We can't expect to have free access to foreign markets without reciprocating. If we believe in trade then we have to believe in two-way trade. It has to be an exchange. It can't ever be a one-way street. We can't delude ourselves into thinking—as some in the world seem to be thinking; this view seems to becoming more prominent, sadly—that if we put up trade barriers, if we try to restrict our markets and if we try to act in any way to stop trade then that won't trigger a response from our trading partners. The last thing Australia wants is a return to a more protectionist world. That is something that is a risk. It is something that I certainly fear very much.

I just want to talk briefly about the Indonesia-Australia Comprehensive Economic Partnership Agreement. This will see more than 99 per cent of Australian goods exported by value to Indonesia to enter duty free or under significantly improved or preferential arrangements by 2020. This will have direct benefits to producers and businesses in my home state of Western Australia. For example, with live cattle from the north of WA, we get duty-free access for almost 600,000 cattle in the first year, growing to 700,000 head of cattle by year 6. This is a significant improvement on the current situation for cattle producers, who suffered a very big shock not that many years ago. I won't remind the chamber what that shock was or who originated it, as I am sure we all know. The cattle industry, particularly in the north of WA, is very happy about that part of the arrangement.

With frozen beef and sheepmeat, there is a tariff cut of 2.5 per cent immediately and that will be zero per cent in five years time. Again, people in this chamber, particularly those opposite, have talked a lot about the need to improve the sale of chilled and frozen product into overseas markets. Well, here we go. There are tariff cuts of 2.5 per cent immediately and that will be zero per cent in five years. That is going to improve that trade and improve the opportunities for local processors. That is great news. We don't have to ban any other parts of the industry to achieve it.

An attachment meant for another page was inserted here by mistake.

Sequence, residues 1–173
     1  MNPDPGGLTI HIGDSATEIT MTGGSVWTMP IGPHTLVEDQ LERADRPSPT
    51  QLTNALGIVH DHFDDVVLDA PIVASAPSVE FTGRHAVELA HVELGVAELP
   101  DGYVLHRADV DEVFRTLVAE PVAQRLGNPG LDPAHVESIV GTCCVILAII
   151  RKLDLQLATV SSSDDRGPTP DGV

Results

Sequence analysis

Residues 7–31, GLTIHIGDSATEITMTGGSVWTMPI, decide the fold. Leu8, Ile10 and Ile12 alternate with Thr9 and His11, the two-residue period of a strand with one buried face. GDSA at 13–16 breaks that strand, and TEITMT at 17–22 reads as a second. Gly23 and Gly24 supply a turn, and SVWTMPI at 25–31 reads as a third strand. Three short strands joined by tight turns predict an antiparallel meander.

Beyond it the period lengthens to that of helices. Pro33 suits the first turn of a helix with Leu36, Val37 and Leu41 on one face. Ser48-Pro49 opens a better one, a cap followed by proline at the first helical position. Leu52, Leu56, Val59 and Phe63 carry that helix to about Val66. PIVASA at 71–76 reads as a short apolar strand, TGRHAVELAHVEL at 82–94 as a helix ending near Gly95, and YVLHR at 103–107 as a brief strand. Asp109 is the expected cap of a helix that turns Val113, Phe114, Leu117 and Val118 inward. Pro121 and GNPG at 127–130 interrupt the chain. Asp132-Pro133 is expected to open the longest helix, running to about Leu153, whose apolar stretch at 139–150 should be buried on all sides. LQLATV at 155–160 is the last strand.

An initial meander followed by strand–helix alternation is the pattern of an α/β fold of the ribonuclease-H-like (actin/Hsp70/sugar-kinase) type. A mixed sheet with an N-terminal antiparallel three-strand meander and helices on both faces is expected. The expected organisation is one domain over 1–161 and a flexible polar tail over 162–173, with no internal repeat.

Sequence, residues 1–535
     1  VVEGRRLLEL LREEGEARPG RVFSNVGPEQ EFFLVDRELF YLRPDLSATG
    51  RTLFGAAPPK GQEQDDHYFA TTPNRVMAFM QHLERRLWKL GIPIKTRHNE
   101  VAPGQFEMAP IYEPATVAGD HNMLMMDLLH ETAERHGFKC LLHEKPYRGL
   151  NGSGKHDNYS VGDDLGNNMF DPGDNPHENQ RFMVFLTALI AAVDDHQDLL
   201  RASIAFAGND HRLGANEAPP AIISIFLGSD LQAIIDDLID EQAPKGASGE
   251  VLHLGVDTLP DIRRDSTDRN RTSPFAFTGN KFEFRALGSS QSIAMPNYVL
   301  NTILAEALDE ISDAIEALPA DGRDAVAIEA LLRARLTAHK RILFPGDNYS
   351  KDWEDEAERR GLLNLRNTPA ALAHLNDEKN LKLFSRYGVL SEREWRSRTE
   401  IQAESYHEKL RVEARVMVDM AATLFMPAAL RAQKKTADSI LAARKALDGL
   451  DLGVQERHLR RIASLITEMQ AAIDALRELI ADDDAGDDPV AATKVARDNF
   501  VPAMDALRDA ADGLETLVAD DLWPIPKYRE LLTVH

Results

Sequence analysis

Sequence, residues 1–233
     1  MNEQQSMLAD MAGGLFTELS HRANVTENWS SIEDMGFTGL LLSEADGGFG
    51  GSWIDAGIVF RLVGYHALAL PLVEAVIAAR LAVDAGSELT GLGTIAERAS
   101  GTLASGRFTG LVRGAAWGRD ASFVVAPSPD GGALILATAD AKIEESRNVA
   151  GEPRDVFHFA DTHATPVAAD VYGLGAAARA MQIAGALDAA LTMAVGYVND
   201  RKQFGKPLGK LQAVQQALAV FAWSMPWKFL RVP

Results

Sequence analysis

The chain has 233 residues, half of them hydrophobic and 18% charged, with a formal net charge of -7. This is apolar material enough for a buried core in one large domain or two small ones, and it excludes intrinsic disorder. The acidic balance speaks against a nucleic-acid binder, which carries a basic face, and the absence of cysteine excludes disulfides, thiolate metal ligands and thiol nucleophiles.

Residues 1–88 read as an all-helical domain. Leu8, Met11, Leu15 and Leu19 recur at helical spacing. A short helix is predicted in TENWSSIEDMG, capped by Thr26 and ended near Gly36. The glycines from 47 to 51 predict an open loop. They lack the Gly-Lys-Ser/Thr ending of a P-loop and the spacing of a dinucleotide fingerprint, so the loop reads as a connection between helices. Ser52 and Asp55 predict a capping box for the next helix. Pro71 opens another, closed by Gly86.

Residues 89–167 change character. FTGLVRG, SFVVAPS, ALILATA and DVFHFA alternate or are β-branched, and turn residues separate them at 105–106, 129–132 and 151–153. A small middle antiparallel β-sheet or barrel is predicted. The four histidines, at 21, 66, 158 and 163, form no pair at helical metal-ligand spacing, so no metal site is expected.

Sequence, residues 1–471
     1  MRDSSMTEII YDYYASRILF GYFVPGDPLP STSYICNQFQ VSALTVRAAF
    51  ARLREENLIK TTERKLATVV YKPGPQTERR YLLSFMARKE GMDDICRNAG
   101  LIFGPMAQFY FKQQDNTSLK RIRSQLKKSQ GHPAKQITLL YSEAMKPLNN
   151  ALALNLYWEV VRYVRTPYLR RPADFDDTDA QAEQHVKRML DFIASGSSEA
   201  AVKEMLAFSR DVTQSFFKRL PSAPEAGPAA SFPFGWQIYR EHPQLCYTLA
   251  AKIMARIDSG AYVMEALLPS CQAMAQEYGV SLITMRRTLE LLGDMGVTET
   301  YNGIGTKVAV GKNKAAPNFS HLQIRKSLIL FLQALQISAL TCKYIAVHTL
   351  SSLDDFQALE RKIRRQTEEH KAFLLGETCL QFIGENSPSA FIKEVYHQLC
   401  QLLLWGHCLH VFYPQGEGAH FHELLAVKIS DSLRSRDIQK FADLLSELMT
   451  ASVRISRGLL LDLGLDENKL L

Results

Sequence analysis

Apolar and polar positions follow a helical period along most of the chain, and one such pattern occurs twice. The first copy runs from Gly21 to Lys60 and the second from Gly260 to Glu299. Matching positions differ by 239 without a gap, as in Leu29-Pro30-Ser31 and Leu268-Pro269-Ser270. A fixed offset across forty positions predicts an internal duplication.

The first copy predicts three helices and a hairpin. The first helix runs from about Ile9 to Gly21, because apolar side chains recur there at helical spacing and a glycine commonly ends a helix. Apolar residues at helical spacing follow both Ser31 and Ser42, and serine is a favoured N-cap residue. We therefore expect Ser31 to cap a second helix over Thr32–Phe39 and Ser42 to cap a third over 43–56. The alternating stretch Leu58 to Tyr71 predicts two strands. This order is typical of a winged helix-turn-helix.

On feed grains, there is duty-free access for 500,000 tonnes in year 1, with volumes growing at five per cent per annum. Again, that is another great opportunity for Western Australian grain growers. We already have a very strong presence in that market, but it is an opportunity for that market to grow. For the returns of that lower duty, they are to be passed on either to growers or, through the supply chain, to consumers. There are potential benefits all around. Sugar is not so much an issue for Western Australia, I do admit. But, again, it is locked in as an early outcome to reduce the tariff to five per cent. In dairy, there is immediate and progressive elimination of the remaining tariffs on dairy product lines.

In citrus, there is the progressive tariff elimination on mandarins and duty-free access for oranges and lemons. For vegetables, there is the progressive elimination of tariffs on carrots and reduced tariffs on potatoes, which the growers in my hometown and surrounding areas—like Pemberton and Manjimup in the south-west of WA—will be very happy to hear about as they seek to take their very high-quality produce into more foreign markets. For hot and cold rolled steel coil, there is the elimination of tariffs for 250,000 tonnes in year 1, with volume growing at five per cent per annum. Again, this is an industry where Australia has had it ups and downs. But we see, with the elimination of those tariffs, more opportunities to continue with production in Australia and continue building export markets overseas.

These are major wins for Australia, there is no doubt about that. And it's a fantastic outcome for Australian exporters. But it's not only Australia that stands to benefit from this agreement. The Indonesian people themselves will be big winners from the removal of barriers under this agreement. They will have cheaper access to high-quality Australian produce. The reduction of tariff barriers is a win.